NIGERIAN AFROBEAT LEGEND TONY ALLEN'S WORLD CIRCUIT/NONESUCH DEBUT
SECRET AGENT TO BE RELEASED JANUARY 12
"At nearly 70 the man Brian Eno reckons is perhaps the greatest drummer that ever lived
is reveling in his heritage, and it's contagious." —Q
Tony Allen — best known
for his work as drummer and musical director for Fela Anikulapo Kuti, one of Africa's most influential
artists — makes his World Circuit/Nonesuch debut with Secret Agent, January 12. Following its
European release earlier this year, Secret Agent has received generous critical praise. The Guardian
proclaimed, "There is no question that Tony Allen is a genius, one of the greatest percussionists in the history of
popular music," while Observer Music Monthly said, "If you're wondering why Afrobeat is hip, start
Together with Fela Kuti, with whom he played for 15 years, Allen co-created Afrobeat — the hard-driving, horns-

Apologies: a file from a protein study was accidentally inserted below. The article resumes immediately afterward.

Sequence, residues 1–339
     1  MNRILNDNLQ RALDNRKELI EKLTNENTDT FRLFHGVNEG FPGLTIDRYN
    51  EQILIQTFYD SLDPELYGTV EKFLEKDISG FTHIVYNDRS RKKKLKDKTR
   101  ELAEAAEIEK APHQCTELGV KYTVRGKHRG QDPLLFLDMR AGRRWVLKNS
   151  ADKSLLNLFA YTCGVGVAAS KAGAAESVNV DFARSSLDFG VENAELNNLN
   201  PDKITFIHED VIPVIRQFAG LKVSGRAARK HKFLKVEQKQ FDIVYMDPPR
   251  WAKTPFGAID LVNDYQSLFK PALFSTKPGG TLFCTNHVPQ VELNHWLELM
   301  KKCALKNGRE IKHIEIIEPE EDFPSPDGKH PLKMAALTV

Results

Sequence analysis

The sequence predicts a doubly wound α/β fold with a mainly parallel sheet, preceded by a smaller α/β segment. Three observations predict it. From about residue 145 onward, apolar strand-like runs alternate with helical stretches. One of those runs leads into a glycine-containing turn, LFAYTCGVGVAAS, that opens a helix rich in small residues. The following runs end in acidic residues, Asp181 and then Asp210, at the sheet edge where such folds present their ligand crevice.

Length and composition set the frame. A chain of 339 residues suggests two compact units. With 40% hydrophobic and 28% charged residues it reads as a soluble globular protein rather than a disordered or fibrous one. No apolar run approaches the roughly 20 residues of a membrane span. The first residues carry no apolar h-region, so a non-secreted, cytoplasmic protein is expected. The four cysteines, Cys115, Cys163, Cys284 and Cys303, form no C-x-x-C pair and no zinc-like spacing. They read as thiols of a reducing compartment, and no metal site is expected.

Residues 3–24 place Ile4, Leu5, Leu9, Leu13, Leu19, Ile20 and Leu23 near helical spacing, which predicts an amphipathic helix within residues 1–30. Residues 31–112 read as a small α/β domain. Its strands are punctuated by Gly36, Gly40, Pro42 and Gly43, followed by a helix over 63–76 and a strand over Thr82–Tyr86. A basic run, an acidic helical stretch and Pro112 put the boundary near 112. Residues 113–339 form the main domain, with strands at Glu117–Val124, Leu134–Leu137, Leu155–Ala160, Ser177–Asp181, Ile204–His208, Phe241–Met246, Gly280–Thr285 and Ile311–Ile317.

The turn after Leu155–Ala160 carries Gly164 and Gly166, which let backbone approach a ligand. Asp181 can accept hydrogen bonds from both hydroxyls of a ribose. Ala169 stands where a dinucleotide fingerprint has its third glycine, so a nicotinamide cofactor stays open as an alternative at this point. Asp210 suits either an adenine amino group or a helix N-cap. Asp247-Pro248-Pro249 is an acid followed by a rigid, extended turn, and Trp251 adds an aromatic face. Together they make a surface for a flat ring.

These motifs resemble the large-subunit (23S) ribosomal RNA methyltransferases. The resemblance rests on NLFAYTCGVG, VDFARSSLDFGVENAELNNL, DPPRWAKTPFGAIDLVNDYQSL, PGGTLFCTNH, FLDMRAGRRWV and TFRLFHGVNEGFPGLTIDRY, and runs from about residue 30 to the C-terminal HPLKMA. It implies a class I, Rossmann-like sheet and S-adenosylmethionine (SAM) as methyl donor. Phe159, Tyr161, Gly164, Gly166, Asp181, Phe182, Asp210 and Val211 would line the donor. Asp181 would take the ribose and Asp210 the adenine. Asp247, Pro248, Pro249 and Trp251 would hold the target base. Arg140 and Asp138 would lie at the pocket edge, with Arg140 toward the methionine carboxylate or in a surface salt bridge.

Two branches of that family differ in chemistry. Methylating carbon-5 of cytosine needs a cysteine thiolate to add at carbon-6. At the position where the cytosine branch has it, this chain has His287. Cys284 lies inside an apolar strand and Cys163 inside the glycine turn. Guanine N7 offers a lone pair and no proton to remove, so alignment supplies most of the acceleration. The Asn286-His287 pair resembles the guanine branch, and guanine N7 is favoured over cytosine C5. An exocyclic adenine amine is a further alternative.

rich, funk-infused, politically insurrectionary style that became such a dominant force in African music and is now
one of Africa's most popular styles among international listeners.
Allen produced Secret Agent, which was recorded with his touring band of musicians from Nigeria,
Cameroon, Martinique and France. The music is square in the Afrobeat tradition — rhythmic tenor guitar, funky
keyboards, call and response vocals, and full-throated horns — with a few twists (including keyboard player and
arranger Fixi's accordion on some tracks). Allen's playing meanwhile draws on four different styles — highlife,
soul/funk, jazz and traditional Nigerian drumming. At Afrobeat's heart is the beat, even more prominent now than it
was in Fela Kuti's legendary Afrika '70 band.
Secret Agent is Allen's first release since he became a founding member of The Good, The Bad & The Queen
(alongside Damon Albarn, Paul Simenon and Simon Tong). This association has helped encourage a recent upsurge
of interest in Afrobeat. Over the years Allen has appeared on dozens of albums and his continued relevance in 2009
— fans of hip hop, funk and jazz clamor for his recordings — speaks to the staying power of the Afrobeat music that
he helped create in the 1960s.